Can't wait until I can start my garden in the spring. We will be starting our tomatoes inside in a couple of months. Last year we had 50 plants. We have enough tomato sauce and salsa for the winter. We had 90 lbs of potatoes and about 60 lbs of onions. Also dehydrated basil, oregano, several kinds of hot pepper and rosemary. This year I'm trying more herbs. 

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Geechee Girl

I purchased some bare root ultra-dwarf fruit trees, boysenberry & blueberry canes, and seedless grapes. I plan to grow these from containers. My cool weather crops include kale, Brussels sprouts, peas, leeks and onions.

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AlysonRR

This is the first year in the last seven that we'll be home for the summer, so I'm looking forward to planting some things.

I have three 1x3' cement planters, two 3' round cement planters, and four 4x6' raised beds. Our yard is a complete wreck - lots of volunteer scotch broom, douglas fir, blackberries. I want to clear the planters/beds and prep them for planting, and then maybe we can start pulling the volunteers out of the rest of the yard.

Here's hoping for a good year.

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This year, because my great aunt will be in Europe till late spring, I have been put in charge of starting plants for her large garden and my little balcony container garden.  I have already rigged some precious counter space and the kitchen table with grow lights.  My aunt left my envelopes with 3 different kinds of tomato, haricot verts, beets, 2 lettuces, spinach, amaranth, eggplant, cantaloupe (because hope springs eternal) zucchini, scallion, and butternut squash seeds.  I also put in Genovese , Greek, and Thai Holy Basil, as well as dill, mint for me, and Italian parsley.  I start plants every year, but never this many, so I am excited and anxious.   Middle of next month is my goal to have everything sowed.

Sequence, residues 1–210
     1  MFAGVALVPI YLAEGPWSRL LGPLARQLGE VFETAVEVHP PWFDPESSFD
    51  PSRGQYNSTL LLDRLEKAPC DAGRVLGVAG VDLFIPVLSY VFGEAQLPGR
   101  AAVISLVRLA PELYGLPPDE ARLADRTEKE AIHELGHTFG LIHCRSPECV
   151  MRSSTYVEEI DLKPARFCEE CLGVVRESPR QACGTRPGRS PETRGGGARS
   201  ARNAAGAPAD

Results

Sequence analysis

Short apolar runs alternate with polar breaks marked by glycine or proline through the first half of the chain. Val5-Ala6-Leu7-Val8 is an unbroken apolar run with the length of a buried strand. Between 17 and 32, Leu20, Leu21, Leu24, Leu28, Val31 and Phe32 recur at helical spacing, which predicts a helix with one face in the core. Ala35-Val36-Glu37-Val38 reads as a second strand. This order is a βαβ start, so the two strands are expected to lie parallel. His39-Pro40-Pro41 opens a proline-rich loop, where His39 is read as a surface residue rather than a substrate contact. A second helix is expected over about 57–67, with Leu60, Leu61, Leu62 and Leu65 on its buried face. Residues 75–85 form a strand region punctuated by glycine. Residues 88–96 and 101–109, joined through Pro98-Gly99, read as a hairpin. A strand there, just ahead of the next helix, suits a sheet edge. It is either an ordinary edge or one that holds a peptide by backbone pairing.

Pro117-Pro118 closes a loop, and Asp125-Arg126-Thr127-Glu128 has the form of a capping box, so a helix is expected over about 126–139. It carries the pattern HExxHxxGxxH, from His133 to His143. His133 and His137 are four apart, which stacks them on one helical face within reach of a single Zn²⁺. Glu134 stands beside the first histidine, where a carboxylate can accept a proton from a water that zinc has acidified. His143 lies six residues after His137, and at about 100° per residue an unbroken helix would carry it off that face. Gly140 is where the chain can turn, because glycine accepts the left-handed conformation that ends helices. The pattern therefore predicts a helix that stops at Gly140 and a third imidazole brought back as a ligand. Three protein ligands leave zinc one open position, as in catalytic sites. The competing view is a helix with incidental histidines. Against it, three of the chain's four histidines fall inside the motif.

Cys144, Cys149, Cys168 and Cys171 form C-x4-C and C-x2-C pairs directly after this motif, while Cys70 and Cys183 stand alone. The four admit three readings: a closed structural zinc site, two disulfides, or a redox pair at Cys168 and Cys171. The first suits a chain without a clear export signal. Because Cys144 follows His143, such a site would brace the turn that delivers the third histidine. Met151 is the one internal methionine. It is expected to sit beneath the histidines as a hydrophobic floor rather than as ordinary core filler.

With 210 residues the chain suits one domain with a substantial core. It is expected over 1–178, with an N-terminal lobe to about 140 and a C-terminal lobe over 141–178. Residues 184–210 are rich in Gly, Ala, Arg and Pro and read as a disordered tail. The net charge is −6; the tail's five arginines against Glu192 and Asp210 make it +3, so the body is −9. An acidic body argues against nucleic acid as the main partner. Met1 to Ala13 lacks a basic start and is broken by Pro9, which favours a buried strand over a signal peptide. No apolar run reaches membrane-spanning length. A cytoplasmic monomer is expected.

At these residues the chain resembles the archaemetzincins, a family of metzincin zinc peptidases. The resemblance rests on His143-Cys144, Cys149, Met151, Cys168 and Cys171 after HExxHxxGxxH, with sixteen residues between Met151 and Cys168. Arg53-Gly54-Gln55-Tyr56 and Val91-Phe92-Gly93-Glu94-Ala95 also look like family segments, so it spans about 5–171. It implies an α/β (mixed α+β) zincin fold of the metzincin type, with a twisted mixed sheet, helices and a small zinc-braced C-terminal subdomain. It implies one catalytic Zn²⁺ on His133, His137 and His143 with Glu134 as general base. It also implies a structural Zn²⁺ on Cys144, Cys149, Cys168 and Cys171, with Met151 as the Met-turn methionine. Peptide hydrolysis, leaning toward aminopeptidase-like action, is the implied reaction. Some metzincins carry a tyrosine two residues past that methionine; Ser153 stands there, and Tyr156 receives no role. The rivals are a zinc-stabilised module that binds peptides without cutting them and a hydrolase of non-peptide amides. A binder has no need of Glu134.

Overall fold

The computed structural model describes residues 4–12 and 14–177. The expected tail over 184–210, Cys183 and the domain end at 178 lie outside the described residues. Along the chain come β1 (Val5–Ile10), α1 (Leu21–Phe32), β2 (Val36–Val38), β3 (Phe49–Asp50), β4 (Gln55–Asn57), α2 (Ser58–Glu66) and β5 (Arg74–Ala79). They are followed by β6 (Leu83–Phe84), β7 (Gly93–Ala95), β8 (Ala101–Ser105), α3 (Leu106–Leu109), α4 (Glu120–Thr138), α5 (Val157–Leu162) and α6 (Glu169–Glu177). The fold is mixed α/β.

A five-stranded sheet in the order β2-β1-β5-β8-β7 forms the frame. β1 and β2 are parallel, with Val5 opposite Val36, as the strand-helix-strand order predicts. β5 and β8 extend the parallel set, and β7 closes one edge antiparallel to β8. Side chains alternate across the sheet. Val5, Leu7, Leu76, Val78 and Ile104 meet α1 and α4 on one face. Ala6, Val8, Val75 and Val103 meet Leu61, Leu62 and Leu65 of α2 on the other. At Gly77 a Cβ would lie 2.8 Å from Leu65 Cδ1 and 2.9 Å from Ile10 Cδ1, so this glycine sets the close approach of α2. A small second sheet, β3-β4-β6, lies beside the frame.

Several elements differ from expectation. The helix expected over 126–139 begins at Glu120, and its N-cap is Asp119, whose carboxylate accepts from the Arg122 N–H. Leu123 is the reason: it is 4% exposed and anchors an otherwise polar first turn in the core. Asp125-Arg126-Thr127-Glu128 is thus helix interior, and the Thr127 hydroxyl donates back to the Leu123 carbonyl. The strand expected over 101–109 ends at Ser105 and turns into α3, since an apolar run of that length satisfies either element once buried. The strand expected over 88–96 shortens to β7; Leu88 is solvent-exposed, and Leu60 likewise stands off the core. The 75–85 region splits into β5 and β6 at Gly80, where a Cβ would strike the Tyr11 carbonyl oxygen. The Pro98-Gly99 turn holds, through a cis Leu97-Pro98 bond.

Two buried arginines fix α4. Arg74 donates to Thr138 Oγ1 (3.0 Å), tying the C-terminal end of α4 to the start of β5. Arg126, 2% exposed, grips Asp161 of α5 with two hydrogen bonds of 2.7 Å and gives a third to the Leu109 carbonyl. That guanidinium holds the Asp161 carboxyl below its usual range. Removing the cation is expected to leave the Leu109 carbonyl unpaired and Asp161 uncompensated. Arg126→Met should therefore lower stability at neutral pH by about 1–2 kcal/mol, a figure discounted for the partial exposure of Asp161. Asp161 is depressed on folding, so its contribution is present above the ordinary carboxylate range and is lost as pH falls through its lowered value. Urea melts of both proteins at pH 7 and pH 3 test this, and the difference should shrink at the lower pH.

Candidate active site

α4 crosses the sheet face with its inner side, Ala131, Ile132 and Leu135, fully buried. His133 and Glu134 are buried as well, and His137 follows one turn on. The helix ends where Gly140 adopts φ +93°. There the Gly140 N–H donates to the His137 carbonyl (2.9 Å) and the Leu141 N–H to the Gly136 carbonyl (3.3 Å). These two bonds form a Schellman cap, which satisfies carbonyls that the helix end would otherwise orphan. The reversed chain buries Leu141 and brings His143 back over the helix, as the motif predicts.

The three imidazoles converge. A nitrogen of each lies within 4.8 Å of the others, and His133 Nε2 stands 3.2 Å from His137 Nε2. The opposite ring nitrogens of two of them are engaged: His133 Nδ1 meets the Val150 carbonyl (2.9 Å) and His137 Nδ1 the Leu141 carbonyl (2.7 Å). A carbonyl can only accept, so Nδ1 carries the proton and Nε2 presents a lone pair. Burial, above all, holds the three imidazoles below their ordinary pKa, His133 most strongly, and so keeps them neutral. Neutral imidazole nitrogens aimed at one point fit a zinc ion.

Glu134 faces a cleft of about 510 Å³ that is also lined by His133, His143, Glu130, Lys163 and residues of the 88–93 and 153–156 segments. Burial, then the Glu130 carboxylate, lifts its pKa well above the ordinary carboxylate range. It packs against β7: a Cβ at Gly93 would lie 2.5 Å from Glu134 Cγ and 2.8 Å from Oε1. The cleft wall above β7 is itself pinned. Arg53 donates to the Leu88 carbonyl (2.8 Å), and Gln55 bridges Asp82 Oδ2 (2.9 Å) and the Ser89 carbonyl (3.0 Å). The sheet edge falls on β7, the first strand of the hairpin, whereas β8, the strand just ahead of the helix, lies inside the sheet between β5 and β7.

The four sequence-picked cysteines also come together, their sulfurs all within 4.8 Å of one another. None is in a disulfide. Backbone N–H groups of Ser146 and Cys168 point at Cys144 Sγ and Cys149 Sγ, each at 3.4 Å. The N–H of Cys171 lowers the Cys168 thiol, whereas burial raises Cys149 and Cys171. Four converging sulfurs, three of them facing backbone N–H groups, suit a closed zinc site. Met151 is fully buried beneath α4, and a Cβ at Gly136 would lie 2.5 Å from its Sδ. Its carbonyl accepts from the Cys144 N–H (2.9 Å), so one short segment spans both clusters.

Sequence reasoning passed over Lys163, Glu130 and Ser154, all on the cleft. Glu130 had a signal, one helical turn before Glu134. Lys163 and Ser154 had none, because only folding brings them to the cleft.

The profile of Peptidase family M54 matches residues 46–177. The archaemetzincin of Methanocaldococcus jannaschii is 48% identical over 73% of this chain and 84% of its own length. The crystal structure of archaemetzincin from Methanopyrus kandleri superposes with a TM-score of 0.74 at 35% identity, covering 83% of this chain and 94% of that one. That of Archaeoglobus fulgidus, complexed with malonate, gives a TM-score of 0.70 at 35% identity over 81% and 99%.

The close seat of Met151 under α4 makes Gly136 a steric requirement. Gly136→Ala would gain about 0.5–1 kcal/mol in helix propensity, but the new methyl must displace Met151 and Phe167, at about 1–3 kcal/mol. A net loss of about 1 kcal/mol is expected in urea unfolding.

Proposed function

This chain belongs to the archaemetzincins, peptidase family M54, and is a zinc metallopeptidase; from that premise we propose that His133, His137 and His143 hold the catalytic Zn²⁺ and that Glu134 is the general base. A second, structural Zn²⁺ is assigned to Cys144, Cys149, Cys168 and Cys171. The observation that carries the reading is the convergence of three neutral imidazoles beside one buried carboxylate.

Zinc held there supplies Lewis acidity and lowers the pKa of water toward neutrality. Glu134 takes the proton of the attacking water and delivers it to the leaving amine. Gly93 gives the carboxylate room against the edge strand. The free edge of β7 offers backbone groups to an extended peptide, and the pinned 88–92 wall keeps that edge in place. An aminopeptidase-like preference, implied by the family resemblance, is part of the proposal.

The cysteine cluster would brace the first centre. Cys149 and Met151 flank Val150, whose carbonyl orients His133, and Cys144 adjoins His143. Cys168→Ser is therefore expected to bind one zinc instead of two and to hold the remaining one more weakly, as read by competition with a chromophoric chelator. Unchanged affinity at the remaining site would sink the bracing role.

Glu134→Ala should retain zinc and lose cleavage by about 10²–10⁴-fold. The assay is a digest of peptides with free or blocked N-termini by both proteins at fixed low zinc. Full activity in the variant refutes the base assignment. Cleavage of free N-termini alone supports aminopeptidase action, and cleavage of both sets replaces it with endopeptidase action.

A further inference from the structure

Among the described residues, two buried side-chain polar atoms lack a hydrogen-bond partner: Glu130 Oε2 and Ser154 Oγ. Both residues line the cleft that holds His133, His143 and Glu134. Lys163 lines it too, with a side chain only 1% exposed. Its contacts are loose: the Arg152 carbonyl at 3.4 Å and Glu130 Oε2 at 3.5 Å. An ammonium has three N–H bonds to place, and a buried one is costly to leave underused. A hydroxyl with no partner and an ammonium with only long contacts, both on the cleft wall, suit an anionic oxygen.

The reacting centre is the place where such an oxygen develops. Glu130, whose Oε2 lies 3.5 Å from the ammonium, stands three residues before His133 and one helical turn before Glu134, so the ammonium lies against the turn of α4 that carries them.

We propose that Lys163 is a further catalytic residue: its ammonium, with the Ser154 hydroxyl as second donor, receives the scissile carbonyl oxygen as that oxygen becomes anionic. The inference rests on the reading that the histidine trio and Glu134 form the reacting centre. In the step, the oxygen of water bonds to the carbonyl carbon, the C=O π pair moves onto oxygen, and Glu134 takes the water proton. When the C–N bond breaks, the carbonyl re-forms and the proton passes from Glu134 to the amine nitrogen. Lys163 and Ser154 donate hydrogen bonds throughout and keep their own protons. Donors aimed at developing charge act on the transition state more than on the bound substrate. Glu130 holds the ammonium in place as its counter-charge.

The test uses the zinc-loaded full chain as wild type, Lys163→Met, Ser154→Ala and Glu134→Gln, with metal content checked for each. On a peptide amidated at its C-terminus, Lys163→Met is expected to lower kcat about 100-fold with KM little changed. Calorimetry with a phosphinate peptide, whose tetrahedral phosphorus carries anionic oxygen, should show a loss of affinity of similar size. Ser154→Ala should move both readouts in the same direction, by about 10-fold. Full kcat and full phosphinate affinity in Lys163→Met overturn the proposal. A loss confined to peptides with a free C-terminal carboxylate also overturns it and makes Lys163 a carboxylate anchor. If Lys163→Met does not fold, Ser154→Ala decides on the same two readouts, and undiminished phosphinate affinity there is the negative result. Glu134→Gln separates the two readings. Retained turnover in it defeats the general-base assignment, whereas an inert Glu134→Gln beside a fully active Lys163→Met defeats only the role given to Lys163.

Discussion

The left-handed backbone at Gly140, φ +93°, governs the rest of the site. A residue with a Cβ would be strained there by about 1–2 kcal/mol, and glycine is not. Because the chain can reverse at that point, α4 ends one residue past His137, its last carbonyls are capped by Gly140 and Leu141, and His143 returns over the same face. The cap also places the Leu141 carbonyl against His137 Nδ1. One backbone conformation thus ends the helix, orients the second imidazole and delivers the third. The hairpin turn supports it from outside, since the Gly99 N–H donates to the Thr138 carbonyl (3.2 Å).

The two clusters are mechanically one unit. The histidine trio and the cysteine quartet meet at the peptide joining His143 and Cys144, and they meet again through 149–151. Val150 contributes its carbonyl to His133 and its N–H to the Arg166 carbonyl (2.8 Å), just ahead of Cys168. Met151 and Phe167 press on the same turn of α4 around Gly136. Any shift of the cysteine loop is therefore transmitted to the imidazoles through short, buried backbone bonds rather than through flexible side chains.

I usually start seeds in cleaned eggshells.  The cool hardy plants like lettuces will go directly in the ground from the eggshell, the rest usually are transferred into bigger cardboard holders while still under lights, then go outdoors in late May.

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Geechee Girl

I have very little experience growing from seed. I'm sure it must be user error, so I stay with transplanting seedlings. I set up a new composter in the yard. It's a nice tumble drum with two chambers. My worm bins are going strong. I suspect I'll have to make a third bin by summer. Red wrigglers are voracious eaters.

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batuityma
On January 10, 2016 at 10:08 PM, Geechee Girl said:

I have very little experience growing from seed. I'm sure it must be user error, so I stay with transplanting seedlings. I set up a new composter in the yard. It's a nice tumble drum with two chambers. My worm bins are going strong. I suspect I'll have to make a third bin by summer. Red wrigglers are voracious eaters.

Yay! A fellow worm composter! Worm poop is GOLD!!! The best fertilizer ever for peppers and tomatoes (except for raw goat milk.) Red wigglers are amazing little creatures! 

What kind of bins do you use? I've been using a Can o' Worms for about 10 years. Before that I just used a plastic rubbermaid container, but I hated sorting out the worms to harvest the compost. The tiered bin concept has proved so much more convenient in my experience. Love my worms!!!

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religiouslyconfused

I have grown some fruits like cantaloupe, peppers, Cucumbers and tried to grow pineapple. 

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Geechee Girl

@batuityma I'm using a 3 tier Rubbermaid set up. How do you separate your castings? Scooping and picking out the worms is tedious. I flush my bins to gather tea in the lowest bin. For traditional compost, I use a Yimbly tumbler thingy from Amazon.